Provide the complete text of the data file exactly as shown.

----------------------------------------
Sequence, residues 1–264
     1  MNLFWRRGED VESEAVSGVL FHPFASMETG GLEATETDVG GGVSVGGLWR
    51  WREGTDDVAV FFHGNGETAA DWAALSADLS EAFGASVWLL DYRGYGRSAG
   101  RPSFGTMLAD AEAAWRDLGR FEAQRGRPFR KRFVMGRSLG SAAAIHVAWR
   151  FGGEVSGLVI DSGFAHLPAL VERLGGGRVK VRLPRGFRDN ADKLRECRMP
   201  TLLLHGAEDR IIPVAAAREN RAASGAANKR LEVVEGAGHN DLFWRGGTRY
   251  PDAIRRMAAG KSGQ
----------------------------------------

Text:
Sequence, residues 1–264
     1  MNLFWRRGED VESEAVSGVL FHPFASMETG GLEATETDVG GGVSVGGLWR
    51  WREGTDDVAV FFHGNGETAA DWAALSADLS EAFGASVWLL DYRGYGRSAG
   101  RPSFGTMLAD AEAAWRDLGR FEAQRGRPFR KRFVMGRSLG SAAAIHVAWR
   151  FGGEVSGLVI DSGFAHLPAL VERLGGGRVK VRLPRGFRDN ADKLRECRMP
   201  TLLLHGAEDR IIPVAAAREN RAASGAANKR LEVVEGAGHN DLFWRGGTRY
   251  PDAIRRMAAG KSGQ